So, let’s all stop being fearful of ourselves, and simply stay inside, let’s all calm down, as Gabriel Josipovici once said: ‘Everything passes. The good and the bad’. And it will pass. In the meantime, let’s all be alive and content in our rooms.

For now.

Lee Rourke

3:AM in Lockdown 9: badaude (published )


3:AM in Lockdown 8: C.D. Rose (published 27/03/2020)

A View From the Window
By C. D. Rose.

I crack open the window, noting how dusty it’s got, stick my head out of the narrow gap and look up and down the street I live on. To the left, there’s a late 70s low-rise industrial unit, steel mesh over its few windows, a corrugated plastic roof. A plume of white smoke still rises from the chimney and occasionally vans come and go so I assume they’re still working. Next to it, a handsome late Victorian workshop, three floors, redbrick, big arched windows. Anywhere else it’d probably have become apartments, or a bar, but on the edge of the centre of the large city where I live, the place is falling down, a ‘For Sale’ sign outside for more than a year now. To the right, there’s a flat-pack apartment block, early noughties plasterboard and scaffolding. It’s often quiet on this street, but now there’s no one but the gulls squawking, a crow hopping, and a magpie pecking at a bin bag.

As a child, I was much taken with the story of Eyam in Derbyshire. In 1665 this small Peaks mining village was touched by the plague and — so the story goes — its inhabitants self-quarantined, staying strictly in the parish bounds rather than risk spreading the contagion that had reached them. We were taken there on a school trip, I remember, to look at the Coolstone and Riley’s Graves, and we met a woman who told us she was a witch.

I’m tending to get up early these days, 7ish or before. I make tea and check my messages but not the news. I do some work. I like the silence. I go back to bed around 10 or 11 and sleep until 1 or later if I can: M stays up till 2 or 3 in the morning then sleeps right through, so we breakfast together at lunchtime. Time has become sludge.

This isn’t Fisher and Berardi’s ‘slow cancellation of the future’ — for one, it’s happening too quickly for that — but it’s also taking the present, and the past.

I find myself looking out of the window obsessively now. It’s an uninspiring view, mostly, but in search of distraction I have become aware of the routine of each jogger and dog-walker, the sweep of the light and how it picks out different details at each point of the day, of the coming and going of delivery vans and postal workers.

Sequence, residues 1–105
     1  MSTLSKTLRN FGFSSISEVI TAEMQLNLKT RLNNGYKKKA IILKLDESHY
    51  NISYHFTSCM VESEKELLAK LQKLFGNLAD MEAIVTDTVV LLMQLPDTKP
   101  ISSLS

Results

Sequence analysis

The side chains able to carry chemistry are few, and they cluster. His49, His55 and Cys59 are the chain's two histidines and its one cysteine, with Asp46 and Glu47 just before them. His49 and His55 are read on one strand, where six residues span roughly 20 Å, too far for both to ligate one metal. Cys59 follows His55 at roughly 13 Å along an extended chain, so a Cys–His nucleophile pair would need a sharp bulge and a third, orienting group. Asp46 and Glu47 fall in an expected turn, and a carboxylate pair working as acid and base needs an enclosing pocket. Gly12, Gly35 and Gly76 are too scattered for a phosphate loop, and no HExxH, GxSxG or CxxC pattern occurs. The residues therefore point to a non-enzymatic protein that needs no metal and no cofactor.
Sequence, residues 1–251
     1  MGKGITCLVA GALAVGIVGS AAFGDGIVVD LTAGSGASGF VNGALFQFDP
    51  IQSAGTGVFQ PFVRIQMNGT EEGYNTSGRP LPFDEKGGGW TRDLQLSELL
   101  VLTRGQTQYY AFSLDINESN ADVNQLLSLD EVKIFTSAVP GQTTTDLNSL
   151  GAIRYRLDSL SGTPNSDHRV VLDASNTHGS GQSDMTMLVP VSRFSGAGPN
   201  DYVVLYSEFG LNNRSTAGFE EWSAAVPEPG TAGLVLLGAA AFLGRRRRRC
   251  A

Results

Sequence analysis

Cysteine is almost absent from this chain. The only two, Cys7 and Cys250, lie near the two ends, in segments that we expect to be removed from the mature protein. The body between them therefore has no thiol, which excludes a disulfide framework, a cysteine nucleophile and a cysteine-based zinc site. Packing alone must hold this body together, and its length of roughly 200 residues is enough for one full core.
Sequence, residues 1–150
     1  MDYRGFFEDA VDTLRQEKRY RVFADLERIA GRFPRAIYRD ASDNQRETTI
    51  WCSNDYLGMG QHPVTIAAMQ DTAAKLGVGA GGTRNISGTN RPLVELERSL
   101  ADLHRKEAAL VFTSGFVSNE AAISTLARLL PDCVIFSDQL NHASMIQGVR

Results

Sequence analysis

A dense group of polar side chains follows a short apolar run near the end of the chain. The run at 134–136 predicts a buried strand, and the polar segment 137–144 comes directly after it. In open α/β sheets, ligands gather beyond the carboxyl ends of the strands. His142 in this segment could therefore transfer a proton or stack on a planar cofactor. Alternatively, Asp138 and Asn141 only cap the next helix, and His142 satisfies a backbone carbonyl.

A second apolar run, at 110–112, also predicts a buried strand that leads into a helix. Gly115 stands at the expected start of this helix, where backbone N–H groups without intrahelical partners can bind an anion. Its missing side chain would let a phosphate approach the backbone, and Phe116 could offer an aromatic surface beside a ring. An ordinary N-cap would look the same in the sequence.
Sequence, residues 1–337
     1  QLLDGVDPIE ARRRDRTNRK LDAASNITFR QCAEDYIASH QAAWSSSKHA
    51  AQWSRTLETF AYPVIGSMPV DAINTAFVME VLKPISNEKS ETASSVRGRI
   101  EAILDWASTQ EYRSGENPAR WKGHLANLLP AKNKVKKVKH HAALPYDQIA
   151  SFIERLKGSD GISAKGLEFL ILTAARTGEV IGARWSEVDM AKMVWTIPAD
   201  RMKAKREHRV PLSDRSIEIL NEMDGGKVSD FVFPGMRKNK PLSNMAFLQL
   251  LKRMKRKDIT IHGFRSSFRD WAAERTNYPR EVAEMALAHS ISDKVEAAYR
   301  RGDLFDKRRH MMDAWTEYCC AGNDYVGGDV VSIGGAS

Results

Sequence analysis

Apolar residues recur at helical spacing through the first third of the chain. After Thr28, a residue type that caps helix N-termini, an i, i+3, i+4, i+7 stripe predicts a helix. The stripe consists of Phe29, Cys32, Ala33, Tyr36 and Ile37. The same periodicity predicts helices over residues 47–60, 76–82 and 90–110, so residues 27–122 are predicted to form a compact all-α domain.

The plague arrived in Eyam via a parcel of patterns — an itinerant tailor, George Viccars, had requested samples of cloth to be sent to him from London, then the epicentre. The samples were damp, and hung up to dry in the house where he had taken lodgings.

One moment I’m sprawled on the sofa in the afternoon sun, snoozily reading; the next I’m standing in the bathroom unable to piss straight with fear. I get up to put the kettle on and find a hot cup of tea on the table, one I’d made myself minutes earlier and had forgotten. Lapses and gaps make up the days whose names I have lost track of. I think back a week and it seems a lifetime.

In Time Lived, Without Its Flow Denise Riley describes the ‘a-chronicity,’ from whose ‘serene perspective you realise, to your astonishment, that to dwell inside a time that had owned the property of flowing was merely one of a range of possible temporal perceptions’. Time does not always ‘flow’ she suggests, if indeed it ever did. ‘Your apprehension of sequence is halted. Where you have no impression of any succession in events, there is no linkage and no cause. Anything at all might follow on from any instant.’

Like many of us who teach writing, I’ve occasionally despaired about the number of students who’ve given themselves to dystopias during the past few years. But none of them, I think, none of them, emerging or established, could have imagined something as colossally fucked as this. A virus that makes us stand quite literally apart from each other, at a time when we need society and community and solidarity more than ever. A virus which stops us being close to our loved ones, knowing that we could be the very ones to contaminate them. A virus which makes many of us welcome a police-enforced lockdown and even consider letting our movements be tracked. A virus which lurks unseen for weeks, throwing time out of joint.